Poster Presentation Clinical Oncology Society of Australia Annual Scientific Meeting 2018

Beyond the data, what is the role of those affected by cancer in reimbursement decisions? (#196)

Hansoo Kim 1 , Hayley Andersen 2 , Greg Cook 2
  1. Department of Epidemiology and Preventative Medicine, Monash University, Melbourne
  2. Bristol Myers Squibb, Mulgrave

Reimbursement decisions are influenced by quantitative (e.g. health gain, cost-effectiveness, financial implications) and qualitative factors (e.g. clinical need, equity, patient impact). There is an increased focus on patient input into health technology assessment (HTA) decision making especially in oncology (ONC). This study sets out to examine the level of input from consumers into the Australian HTA process.

Public summary documents (PSDs) specific to drugs considered by the Pharmaceutical Benefits Advisory Committee across 2015-17 were PBACreviewed. The prevalence of consumer submissions (patients, HCOs, HCPs) was identified and compared across ONC and non-oncology (nonONC) applications. The relationship between consumer submissions and positive outcomes was investigated along with other explanatory variables (1st time submission, type of submission, type of economic evaluation). Relative risks (RR) and 95% confidence intervals (95% CI) were calculated with logistic regression used to correct for variables.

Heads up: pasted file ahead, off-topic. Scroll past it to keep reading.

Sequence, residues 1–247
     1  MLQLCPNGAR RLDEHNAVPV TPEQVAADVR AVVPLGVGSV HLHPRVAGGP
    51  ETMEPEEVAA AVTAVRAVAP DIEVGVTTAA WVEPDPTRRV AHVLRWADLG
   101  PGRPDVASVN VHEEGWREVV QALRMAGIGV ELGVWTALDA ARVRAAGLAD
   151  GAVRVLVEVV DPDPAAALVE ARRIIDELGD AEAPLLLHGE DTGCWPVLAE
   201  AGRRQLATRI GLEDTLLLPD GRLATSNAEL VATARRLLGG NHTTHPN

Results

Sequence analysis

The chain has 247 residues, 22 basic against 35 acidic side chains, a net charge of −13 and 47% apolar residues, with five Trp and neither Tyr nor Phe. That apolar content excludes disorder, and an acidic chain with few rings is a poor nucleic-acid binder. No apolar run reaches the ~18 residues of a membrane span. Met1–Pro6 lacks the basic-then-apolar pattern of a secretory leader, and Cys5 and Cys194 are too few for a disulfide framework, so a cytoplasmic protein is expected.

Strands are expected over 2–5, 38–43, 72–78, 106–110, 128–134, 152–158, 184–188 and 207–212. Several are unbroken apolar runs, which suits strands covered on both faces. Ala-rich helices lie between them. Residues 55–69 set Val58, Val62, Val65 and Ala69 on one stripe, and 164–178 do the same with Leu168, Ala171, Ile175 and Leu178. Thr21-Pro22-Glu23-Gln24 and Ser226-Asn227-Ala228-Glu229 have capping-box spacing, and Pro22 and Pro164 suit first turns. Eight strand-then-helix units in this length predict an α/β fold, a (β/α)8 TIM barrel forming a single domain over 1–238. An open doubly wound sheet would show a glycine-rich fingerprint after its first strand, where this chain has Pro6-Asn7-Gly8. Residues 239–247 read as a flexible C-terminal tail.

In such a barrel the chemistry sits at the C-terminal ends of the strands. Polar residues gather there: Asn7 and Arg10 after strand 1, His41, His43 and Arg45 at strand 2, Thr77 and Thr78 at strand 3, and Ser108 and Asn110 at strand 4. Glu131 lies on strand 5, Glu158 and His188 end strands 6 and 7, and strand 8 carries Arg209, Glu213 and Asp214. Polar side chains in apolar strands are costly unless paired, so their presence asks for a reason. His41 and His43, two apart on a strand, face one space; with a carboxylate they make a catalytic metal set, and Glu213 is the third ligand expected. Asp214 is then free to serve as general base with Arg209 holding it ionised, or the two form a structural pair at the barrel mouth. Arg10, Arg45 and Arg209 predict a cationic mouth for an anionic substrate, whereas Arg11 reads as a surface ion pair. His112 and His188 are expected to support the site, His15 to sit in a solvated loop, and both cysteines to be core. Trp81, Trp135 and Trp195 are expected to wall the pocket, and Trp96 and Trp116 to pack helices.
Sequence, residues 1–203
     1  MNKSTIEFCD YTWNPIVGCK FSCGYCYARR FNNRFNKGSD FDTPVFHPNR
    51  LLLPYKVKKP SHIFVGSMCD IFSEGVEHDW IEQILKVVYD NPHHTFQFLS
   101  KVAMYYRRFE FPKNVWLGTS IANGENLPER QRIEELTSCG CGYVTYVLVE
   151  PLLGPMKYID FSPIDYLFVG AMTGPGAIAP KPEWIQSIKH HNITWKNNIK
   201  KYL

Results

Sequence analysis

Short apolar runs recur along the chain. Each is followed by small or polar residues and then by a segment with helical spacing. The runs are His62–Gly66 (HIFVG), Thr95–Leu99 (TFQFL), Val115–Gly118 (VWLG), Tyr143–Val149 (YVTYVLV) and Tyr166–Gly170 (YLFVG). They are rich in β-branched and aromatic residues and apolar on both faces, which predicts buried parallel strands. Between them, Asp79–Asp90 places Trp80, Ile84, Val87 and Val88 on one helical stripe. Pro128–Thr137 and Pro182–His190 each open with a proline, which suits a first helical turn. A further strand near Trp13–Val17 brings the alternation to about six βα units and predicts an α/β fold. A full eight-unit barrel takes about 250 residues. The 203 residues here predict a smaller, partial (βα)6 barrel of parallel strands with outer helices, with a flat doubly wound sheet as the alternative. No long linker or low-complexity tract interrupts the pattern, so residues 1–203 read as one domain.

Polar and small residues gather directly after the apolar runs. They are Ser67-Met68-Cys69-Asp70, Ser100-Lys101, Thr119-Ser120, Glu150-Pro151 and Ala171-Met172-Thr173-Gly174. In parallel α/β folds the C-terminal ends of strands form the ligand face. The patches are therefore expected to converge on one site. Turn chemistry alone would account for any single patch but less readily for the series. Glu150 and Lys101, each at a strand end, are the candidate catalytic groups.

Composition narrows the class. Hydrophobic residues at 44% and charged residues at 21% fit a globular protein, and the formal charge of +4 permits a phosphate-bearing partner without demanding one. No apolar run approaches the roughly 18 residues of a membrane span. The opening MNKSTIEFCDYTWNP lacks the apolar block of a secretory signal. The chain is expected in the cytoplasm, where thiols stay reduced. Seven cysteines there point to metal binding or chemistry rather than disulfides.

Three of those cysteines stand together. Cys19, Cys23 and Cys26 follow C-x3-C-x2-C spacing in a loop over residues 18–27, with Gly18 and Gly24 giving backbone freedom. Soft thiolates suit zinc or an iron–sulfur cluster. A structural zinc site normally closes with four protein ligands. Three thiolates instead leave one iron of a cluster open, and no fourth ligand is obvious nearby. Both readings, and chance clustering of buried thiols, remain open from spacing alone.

516 PSDs were reviewed. Of these, 27.5% were specific to ONC medicines. Significant more consumer submissions (dominated by patients) were observed for ONC when compared to nonONC applications (69.7% vs 40.4%, p<0.001). Positive PBAC outcomes were reported in 44.6% of ONC submissions and 63.4% of nonONC submissions. Only type of economic evaluation had a statistically significant influence on recommendation (p<0.001), with the risk ratio of consumer input leading to a positive recommendation being 1.55 [95% CI: 1.09; 2.23] i.e. more likely that a positive recommendation did not have patient input.

Consumer input is a recent yet integral component of the HTA process in Australia. As evidenced by the disproportionate number of consumer submissions for ONC applications, cancer patients and others affected by cancer have a strong desire to have their voice be part of the decision making process. While this analysis did not demonstrate a direct relationship between consumer input and PBAC positive outcome, the indirect benefits of such input is acknowledged by all stakeholders. Further research into how the patient voice can further enhance HTA decision making in Australia is required.